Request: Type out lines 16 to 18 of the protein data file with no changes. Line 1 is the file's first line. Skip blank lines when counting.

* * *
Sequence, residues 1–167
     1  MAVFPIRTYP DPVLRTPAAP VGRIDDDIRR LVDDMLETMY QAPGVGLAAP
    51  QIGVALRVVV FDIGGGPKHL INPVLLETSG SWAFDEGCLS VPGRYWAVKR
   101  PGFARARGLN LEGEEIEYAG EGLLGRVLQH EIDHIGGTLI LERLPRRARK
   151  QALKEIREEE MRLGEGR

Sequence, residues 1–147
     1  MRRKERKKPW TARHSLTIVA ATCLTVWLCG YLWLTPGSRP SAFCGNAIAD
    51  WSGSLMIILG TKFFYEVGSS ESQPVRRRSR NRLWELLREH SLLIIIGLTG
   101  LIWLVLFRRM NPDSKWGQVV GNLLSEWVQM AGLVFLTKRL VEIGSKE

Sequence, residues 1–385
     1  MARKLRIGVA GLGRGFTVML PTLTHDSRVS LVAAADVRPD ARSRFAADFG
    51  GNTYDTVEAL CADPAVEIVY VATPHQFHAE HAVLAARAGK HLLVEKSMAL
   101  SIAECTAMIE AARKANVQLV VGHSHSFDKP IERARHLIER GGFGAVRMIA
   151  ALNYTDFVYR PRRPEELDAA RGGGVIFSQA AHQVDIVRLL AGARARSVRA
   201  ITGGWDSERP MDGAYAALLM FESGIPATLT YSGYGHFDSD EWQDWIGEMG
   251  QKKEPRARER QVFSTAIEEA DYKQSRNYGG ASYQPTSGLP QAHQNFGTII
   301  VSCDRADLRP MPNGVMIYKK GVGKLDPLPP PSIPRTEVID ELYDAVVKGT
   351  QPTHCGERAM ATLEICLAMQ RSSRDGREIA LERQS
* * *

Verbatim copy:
   251  QKKEPRARER QVFSTAIEEA DYKQSRNYGG ASYQPTSGLP QAHQNFGTII
   301  VSCDRADLRP MPNGVMIYKK GVGKLDPLPP PSIPRTEVID ELYDAVVKGT
   351  QPTHCGERAM ATLEICLAMQ RSSRDGREIA LERQS